Basically, you need to have these types of assessments:
    Screening assessments to determine who is at-risk (administered three
times per year.  
    Progress monitoring assessments to see how kids are responding to
    Diagnostic assessments to determine more specific areas of

We decided as a district that we needed a comprehensive system of assessments.  Essentially, you need to use a universal screener to determine who is at-risk for reading or math difficulty.  You can use some online screeners, some are free.  Most likely you will need to purchase an assessment system. Many good systems have both a screener and progress monitor.  I don’t know of any commercially available assessment systems that have a screener, progress monitor and diagnostic assessment.

Some of the more widely known assessment systems are DIBELS (Dynamic Indicators of
Basic Early Literacy Skills), AIMSweb, MAP (Measures of Academic Progress), and Renaissance’s STAR Reading, and STAR Math.  

We have used DIBELS in the past.  You can download all of the testing materials you need for free.  It is a good, research-based program.  It will allow you to both screen and progress monitor your students in reading (and now) math.  Although it is not a diagnostic test, the data you get from DIBELS allows you to determine specific areas of need in reading and math.

AIMSweb works pretty much the same way.  

Some of the diagnostic tests that you can use are fairly inexpensive.  I’m not aware of any for math that are fairly inexpensive.  The Quick Phonics Screener (QPS) is available for order online.  It quickly will tell you what areas of phonemic and phonological awareness as well as phonics, your students are weakin.  The Phonological Awareness Skills Test (PAST) is available in Yvette Zgonc’s book “Sounds in Action”.  This test will give you information about whether you students have weaknesses at the word level, syllable level or phoneme level.


After you have chosen an assessment, you will need to set up a schedule of who, what, where and when to test.  You may want to have a testing team.  Or maybe your district will decide that each school will test their own kids.  Perhaps the classroom teachers will do the testing. Maybe you will have an interventionist to do your testing.


Next, you will need to decide what to do with all the data.  You might decide to just follow the guidelines in the assessment for determining who receives what services.  Maybe you will decide as a district to only provide intervention to the bottom 25% or bottom 10% of the students according to the screener.  

After you decide what will determine who receives services, you will need to figure out how many kids that is.  Who will teach them?  Interventionists?  Classroom teachers?  A combination of the two?  How will they be grouped?  How big are the groups going to be?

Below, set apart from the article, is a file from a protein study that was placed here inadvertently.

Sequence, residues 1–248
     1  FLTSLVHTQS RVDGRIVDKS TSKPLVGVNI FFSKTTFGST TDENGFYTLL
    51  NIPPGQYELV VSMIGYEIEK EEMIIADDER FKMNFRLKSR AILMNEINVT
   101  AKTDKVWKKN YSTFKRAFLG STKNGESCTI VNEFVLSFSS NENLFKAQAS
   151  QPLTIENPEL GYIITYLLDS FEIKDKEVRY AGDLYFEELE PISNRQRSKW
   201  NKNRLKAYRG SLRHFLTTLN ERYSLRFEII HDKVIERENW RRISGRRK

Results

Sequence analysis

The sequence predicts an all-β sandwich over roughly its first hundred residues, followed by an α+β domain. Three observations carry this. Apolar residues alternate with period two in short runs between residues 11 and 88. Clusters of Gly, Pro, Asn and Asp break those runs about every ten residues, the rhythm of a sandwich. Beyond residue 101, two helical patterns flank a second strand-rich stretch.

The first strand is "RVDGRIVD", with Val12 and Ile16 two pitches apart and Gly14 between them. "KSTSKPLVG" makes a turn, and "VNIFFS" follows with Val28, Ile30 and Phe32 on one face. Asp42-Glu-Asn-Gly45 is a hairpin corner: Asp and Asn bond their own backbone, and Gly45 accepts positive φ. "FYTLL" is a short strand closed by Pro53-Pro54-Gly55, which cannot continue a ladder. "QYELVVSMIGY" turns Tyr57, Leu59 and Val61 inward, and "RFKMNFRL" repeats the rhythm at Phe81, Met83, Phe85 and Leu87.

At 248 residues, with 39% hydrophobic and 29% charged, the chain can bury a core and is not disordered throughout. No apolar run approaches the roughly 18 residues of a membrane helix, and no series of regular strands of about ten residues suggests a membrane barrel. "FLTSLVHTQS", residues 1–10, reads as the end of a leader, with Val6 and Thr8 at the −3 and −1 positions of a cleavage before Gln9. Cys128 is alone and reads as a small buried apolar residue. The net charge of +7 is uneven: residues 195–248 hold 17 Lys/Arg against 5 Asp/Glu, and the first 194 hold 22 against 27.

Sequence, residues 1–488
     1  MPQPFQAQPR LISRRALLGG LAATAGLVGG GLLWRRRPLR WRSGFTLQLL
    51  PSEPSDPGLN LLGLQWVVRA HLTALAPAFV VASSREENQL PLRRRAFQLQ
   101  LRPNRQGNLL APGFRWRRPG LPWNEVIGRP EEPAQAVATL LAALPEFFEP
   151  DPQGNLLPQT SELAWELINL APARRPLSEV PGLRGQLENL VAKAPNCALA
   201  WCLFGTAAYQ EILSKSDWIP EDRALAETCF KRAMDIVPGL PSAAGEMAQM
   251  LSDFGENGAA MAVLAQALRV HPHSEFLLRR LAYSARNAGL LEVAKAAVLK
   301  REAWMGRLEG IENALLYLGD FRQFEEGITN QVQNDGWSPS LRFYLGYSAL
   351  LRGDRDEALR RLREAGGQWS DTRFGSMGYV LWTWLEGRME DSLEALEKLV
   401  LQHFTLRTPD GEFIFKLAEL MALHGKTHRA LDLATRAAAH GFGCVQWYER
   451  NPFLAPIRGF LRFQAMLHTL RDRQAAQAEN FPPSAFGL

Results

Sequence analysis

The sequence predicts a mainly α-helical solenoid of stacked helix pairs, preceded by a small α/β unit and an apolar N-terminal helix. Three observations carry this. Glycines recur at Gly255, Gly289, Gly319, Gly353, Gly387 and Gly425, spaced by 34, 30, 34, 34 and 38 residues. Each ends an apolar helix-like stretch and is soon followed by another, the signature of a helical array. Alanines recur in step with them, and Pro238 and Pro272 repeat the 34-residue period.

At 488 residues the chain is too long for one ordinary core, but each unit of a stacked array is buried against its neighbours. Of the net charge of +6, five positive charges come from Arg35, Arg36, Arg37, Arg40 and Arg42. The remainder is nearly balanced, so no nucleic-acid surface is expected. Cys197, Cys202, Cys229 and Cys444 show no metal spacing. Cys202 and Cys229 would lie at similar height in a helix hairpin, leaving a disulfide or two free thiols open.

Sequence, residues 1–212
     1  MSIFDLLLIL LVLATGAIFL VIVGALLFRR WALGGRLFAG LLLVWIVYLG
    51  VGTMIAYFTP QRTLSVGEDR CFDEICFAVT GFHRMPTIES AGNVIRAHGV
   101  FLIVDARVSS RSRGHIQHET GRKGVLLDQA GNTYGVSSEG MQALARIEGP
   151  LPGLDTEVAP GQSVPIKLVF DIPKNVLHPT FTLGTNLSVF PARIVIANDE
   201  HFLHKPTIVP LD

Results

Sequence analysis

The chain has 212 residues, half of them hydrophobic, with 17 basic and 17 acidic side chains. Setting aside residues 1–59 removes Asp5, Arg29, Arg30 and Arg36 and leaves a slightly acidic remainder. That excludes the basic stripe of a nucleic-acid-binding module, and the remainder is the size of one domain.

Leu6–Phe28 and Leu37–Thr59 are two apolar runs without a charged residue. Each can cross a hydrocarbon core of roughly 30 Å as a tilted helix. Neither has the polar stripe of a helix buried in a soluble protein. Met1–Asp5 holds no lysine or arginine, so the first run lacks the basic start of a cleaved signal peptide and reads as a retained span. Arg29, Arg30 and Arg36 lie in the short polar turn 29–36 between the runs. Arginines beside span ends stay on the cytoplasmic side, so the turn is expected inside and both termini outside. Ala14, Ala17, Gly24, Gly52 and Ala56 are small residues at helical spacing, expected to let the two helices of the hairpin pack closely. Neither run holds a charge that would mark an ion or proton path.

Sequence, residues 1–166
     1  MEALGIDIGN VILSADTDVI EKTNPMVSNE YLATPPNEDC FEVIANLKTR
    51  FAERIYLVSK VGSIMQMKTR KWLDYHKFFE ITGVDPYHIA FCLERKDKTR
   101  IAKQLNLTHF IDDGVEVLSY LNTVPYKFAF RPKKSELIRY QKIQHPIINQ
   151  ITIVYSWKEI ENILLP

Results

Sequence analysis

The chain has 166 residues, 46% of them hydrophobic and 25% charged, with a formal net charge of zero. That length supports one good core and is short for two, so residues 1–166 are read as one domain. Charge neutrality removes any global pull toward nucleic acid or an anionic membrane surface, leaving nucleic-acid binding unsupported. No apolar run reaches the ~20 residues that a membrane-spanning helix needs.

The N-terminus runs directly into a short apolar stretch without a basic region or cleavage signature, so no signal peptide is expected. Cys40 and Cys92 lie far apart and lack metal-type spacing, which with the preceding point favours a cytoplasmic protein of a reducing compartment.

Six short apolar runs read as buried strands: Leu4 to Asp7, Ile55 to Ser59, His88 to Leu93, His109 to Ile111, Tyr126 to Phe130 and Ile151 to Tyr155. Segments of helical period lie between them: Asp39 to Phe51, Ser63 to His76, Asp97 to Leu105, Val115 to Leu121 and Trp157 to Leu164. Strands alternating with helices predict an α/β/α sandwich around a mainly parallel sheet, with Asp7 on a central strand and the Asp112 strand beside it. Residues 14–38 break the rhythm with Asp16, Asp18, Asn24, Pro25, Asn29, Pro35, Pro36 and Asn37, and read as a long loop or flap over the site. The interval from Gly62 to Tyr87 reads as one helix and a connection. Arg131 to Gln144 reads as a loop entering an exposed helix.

Another consideration is what materials will be used to teach tier 2 and tier 3
kids.  Will you have commercially available programs that are specifically targeted to tier 2 and/or tier 3 kids?  Will your teacher orinterventionist have to just come up with their own stuff?  

Somewhere along the line you will need to schedule time for intervention.  Will this schedule be dictated by the building’s overall schedule? Will it depend upon how many kids there are?  You will have to figure out how many teachers are available.  What time of day will it be?  Can kids be pulled out for intervention?  Will it be a push-in system?  How often will intervention be provided?  Every day?  Twice a week? Three times a week?  

As you can see, there are a lot of decisions to be made.  There are a lot of things to be considered.  There is a lot of work to be done.  Whatever you decide to do, you just have to get started and keep in mind that it’s all about the kids.  You are doing this for the kids.  You
are making decisions based on what’s best for kids.  Remember that with every decision you will have to make and the rest will eventually fall into place.

Here are some resources that may be worth looking into further.  I am partial to MTSS because that is what Kansas uses as its three tier model of intervention.  I also like it because when you are undertaking the task of implementing a district-wide intervention system, assessment system, etc., they have a detailed plan for how to do it.  They have a workbook that you can use with templates, examples, etc.  
National Center on Response to Intervention

DMG (Dynamic Measurement Group)
PAST/Yvette Zgonc


Recently we have added some outlines, lessons, resource lists, etc. 

What would you like to see added to this site to make it more useful to you?

This site is a free one, so some of the features we would like to add are not possible.  For example, you would have to download any of the documents in order to be able to view and/or purchase any of them.

Thanks for any input or comments.











    April 2012
    March 2012